A shortage of eighth-grade players left the Buford school system’s basketball coaches scrambling for seventh-graders to fill out the roster, a scene that could hardly be imagined these days. But this was 1969.
That search took to the playground, where what had to be one of the greatest discoveries in state history took place. Soon the roster included another seventh-grader, Cindy Brogdon, a lifelong Buford resident who had never played organized basketball in her life.
HALL OF FAME
What: Gwinnett County Sports Hall of Fame; induction ceremony of inaugural class
Where: Coolray Field, during the Gwinnett Braves’ 2 p.m. game with Scranton/Wilkes-Barre
Induction class: Parkview’s Matt Stinchcomb, Central Gwinnett’s Ida Neal-Smith, Dacula’s Terry Harvey, Greater Atlanta Christian’s Cindy Brogdon and Lawrenceville native Ezzard Charles
“I guess I was one of the tallest seventh-graders standing around on the playground, so they recruited me,” said the 53-year-old, now a teacher and coach at Northview High School in Fulton County.
It was quite the find. She scored 52 points in her first middle school game.
“I guess that was the start of my basketball career,” Brogdon said.
Known for incredible range on her jump shot, Brogdon never slowed down in her frenetic scoring pace. She scored 2,672 points in her Greater Atlanta Christian career, put up 3,204 more at Mercer and Tennessee and shot her way onto the 1976 U.S. Olympic team.
Her list of accomplishments, a vast one that includes being the first female in Georgia history to earn a full athletic scholarship, made her a groundbreaker in state’s athletic history. It also made her an ideal candidate for induction Sunday as a charter member of the Gwinnett County Sports Hall of Fame.
“I just feel it’s such an honor,” Brogdon said. “To be one of the first five from Gwinnett County, to be in the first group is a very special honor. I’m so appreciative because there are so many top athletes in this county.”
Nearly 40 years ago, that wasn’t the case. The options for girls sports were very limited, forcing Brogdon to play most of her sports, outside of softball, against boys. There was no AAU or club basketball for young girls, no options for players until they were old enough for school teams.
Most of her basketball experience, prior to her seventh-grade introduction with her school team, came in her Buford backyard. Her basket and wooden backboard were framed by two large pecan trees, a humble beginning for one of the state’s all-time basketball legends.
“They were my passers, I would pass it to the tree and it would ricochet back to me,” Brogdon said. “I’d square up and take my shot.”
Some of Brogdon’s close friends went to GAC, so she took those shooting skills down I-85 as an eighth-grader. With the Spartans, her feats became legendary. Her prolific scoring — mainly with her incredible jump-shot range — led GAC to three team state titles. She was four-time MVP of the state high school tournament, using her 5-foot-11 frame to shoot over smaller defenders.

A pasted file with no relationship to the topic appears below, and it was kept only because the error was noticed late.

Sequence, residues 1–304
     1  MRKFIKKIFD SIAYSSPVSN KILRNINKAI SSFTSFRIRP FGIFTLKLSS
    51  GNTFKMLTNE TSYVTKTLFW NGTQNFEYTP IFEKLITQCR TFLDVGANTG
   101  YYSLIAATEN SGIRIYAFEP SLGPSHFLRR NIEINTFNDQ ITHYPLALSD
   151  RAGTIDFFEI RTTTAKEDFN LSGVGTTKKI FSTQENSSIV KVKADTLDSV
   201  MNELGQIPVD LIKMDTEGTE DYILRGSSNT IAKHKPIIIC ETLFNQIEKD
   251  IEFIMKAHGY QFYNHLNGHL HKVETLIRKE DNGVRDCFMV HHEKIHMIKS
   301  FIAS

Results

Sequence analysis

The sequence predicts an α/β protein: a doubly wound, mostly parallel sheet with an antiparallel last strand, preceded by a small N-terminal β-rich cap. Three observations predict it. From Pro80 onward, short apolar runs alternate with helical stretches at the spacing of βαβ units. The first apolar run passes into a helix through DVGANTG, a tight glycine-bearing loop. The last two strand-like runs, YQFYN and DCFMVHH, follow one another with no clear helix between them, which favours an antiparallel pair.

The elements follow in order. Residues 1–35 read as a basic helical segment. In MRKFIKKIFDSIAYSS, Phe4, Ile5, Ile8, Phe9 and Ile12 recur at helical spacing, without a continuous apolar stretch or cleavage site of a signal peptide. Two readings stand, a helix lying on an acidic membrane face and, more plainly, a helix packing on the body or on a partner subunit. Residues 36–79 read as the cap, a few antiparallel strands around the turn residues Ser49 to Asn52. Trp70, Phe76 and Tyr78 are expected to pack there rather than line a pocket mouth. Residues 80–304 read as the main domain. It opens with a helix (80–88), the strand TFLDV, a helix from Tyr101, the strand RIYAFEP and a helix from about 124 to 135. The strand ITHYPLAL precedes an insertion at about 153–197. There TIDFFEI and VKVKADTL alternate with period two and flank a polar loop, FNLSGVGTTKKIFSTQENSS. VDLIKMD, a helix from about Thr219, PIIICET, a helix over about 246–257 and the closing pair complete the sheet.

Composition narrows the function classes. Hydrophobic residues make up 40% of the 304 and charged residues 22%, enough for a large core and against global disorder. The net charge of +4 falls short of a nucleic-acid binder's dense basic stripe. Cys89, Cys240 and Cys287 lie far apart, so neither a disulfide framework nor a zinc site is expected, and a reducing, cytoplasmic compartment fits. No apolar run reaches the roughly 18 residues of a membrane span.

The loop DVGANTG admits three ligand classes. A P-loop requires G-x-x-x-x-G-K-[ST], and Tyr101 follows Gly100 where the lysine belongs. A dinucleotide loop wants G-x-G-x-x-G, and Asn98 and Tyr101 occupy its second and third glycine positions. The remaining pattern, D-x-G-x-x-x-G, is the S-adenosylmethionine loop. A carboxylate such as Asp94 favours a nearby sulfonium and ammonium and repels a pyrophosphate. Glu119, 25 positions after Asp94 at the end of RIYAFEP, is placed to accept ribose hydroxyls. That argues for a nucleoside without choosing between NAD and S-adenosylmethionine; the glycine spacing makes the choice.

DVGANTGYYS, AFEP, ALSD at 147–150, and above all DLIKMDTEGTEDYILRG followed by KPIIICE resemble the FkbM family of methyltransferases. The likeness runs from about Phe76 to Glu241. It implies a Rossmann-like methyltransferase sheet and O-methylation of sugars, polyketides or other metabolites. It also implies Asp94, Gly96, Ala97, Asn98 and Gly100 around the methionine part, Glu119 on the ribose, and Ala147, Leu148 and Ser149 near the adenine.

She was a pioneer of the sport in many ways, maybe most notably her one-handed jump shot.
“Back then you very seldom saw a girl shoot a one-handed jump shot,” Brogdon said. “You very seldom saw a girl with what we called hang time, on the (shot) release. A lot of people shot with their feet on the floor still, a two-handed set shot.”
A standout college player at Mercer — she averaged 30.1 points in two seasons there — she was selected to the 1976 U.S. Olympic team that won the silver medal. She was the first Georgian on an Olympic basketball team, and just as importantly it’s where she met renowned Tennessee women’s coach Pat Summitt.
Summitt signed Brogdon to play her final two seasons with the Volunteers, racking up a whopping 3,204 points as a college player. Most of her points came on deep jumpers prior to the 3-point line, prompting some (Summitt included) to predict that Brogdon would have scored as many as 25 percent more points had the 3-point line been in use.
Brogdon played two seasons for the New Orleans Pride of the Women’s Professional Basketball League, but basketball options were still limited for females so her career didn’t last much longer. She doesn’t play much these days, spending more time on distance running, golf and with her nieces and nephews.
She has coached several sports at the high school level at Centennial and Northview, where she has been for eight years, but hasn’t coached basketball in years. She’s spent the last two seasons as the Titans’ golf coach.
But this Sunday at Coolray Field, she will be Cindy Brogdon the basketball legend one more time. It will be her sixth hall of fame induction, including the Women’s Basketball Hall of Fame and the Georgia Sports Hall of Fame (which honored Brogdon and Nancy Lopez as the first two female inductees).
“It’s nice as you get older and older to still get some accolades,” Brogdon said. “It’s a great feeling when a sport you loved so much continues to have an impact in your life. And it will be great to have some little ones there, so maybe they can see their aunt in a different light.”